Is your skin dry or dehydrated?


Is Your Skin Dry or Dehydrated?

— Discover the difference between these two common skin concerns and how to care for each condition.



Elle Macleman
Biochemist &
Product Specialist


As we move in to the cooler months our skin tends to start feeling a little drier. The cool change causes our pores to tighten and our skin reduces the amount of oil it produces. Along with heating, wind and low humidity, our skin can be left feeling a little parched. But is our skin really dry? Well, probably not. The difference between dry and dehydrated skin is often misunderstood and leads us to use products that are too heavy for our skin, leaving us with breakouts and with our skin still feeling dry. So, for the benefit of our skin in battling the winter months, let me break it down…

Image via @ mente_flores

Image via @mente_flores


Dehydrated skin

Dehydrated skin is probably the most common cause of feeling dry. Dehydration is a condition where the skin is lacking water-based moisture and not oil, making your skin look dull, giving you darker under eye circles and can be the cause of inflammation and congestion. One of the biggest misconceptions with dehydrated skin is that you can’t be oily/combination and still be dehydrated. Not true - dehydration can often be the cause of the imbalance in oil production.

Many things can affect your skin’s hydration levels such as environment, weather, stress, caffeine, alcohol, diet, really the list goes on.

Some things you can do to address the underlying dehydration: 

Increase Your Water Intake

In order to rebalance the water levels in the skin we need to increase our water consumption. During winter months, we tend to drink a little less than we should, so making sure you are drinking your 8 glasses a day or more if you’ve hit that morning yoga class  allows your body to adequately distribute water to your cells, making them plump up and work efficiently. 

Hyaluronic Acid Serum

Hyaluronic Acid is a molecule that holds 1000x its weight in water pulling that much needed water based moisture in to your skin, reducing inflammation and increasing your skin’s resilience to harsh environments.

Use a Light Moisturiser at Night

Moisturisers are generally best to use during the day as the stop the skin from losing moisture to the weather and act as a protective barrier against pollution, heating and wind. However during the winter months bringing a light moisturiser like the Odacité Oleosomes Time Release Delivery Crème in to your routine can prevent moisture loss overnight.

Image via  @conscious.kin

Image via @conscious.kin


Dry Skin

Truly dry skin is actually quite uncommon and is classified as a skin type rather than a condition. Dry skin is when the skin has fewer oil gland that are producing sebum, leaving the skin feeling flaky, itchy and uncomfortable. This reduction in oil production tends to happen with age as the oil glands stop producing, however can affect anyone. The treatments for dry skin tend to be a little different to dehydrated skin as with this skin type its oil that is lacking not just water.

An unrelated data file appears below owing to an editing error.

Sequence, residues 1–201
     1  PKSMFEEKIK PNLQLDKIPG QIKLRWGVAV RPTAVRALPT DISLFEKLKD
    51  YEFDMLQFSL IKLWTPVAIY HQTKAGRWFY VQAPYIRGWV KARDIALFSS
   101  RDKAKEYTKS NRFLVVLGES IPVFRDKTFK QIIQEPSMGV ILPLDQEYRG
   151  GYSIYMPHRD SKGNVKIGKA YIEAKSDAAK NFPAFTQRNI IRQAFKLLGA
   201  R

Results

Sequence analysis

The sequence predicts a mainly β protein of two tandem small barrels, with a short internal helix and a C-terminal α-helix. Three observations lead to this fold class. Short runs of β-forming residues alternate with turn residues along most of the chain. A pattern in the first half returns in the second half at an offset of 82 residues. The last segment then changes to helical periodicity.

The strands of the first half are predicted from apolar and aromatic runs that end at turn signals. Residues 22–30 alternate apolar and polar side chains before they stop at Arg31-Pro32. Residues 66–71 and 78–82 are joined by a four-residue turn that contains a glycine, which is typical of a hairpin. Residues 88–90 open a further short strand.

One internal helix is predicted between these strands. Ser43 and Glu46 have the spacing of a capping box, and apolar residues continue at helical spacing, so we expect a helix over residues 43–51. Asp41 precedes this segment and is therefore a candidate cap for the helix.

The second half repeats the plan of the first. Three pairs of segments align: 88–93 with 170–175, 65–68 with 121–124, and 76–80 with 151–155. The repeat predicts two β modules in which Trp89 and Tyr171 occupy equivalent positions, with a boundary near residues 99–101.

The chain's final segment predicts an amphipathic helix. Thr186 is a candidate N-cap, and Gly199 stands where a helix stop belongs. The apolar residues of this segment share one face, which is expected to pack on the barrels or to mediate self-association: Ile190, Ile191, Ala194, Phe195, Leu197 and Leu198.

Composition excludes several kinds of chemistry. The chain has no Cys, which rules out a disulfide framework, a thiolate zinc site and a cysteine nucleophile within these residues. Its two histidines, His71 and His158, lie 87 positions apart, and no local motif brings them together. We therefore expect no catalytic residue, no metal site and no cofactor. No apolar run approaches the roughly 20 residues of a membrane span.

A few things you can do to keep the dryness under control:

Reduce the amount of acids in your routine

Reducing the use of acids such as glycolic and salicylic in your routine can help reduce dryness. While it can be tempting to use an acid to rid yourself of the flakiness, acids can break down the skin mantle barrier reducing the skin’s ability to retain moisture. That’s not to say you shouldn’t exfoliate as this helps remove dead skin cells from the surface allowing for your moisturiser to work a little better - instead, opt for an enzyme-based exfoliant like the Josh Rosebrook Active Enzyme Exfoliator or a gentle physical exfoliator.

Use a heavy moisturiser at night

Just like dehydrated skin, dry skin needs protection from losing moisture at night. Where dehydrated skin needs a light moisture to keep water-based moisture in, dry skin needs a heavy moisturiser like Sodashi’s Nourishing Repair Treatment, to replace the oils the skin is not producing on its own.

Some more tips for dry and dehydrated skin

While the underlying cause of skin feeling dry differs between dry and dehydrated skin, there are a couple of things that both skin types can benefit from:

  • Using a humidifier during cooler months when the humidity levels tend to be lower. This is compounded by the use of heaters which wick moisture out of the air. Replacing the moisture in the air can help to reduce your skin losing water to the air.

  • Incorporate omegas into your diet in order to help balance your skin’s production of oil.

However, the best thing you can do to keep your skin happy through the winter months is to investigate why you’re feeling dry, whether it is dehydration or lack of oils and give your skin what it really needs.



Do you suffer from surface level dryness or chronic dehydration?

What are some tools that you’ve discovered work best in managing your oil and water balance?

Let us know via commenting below.

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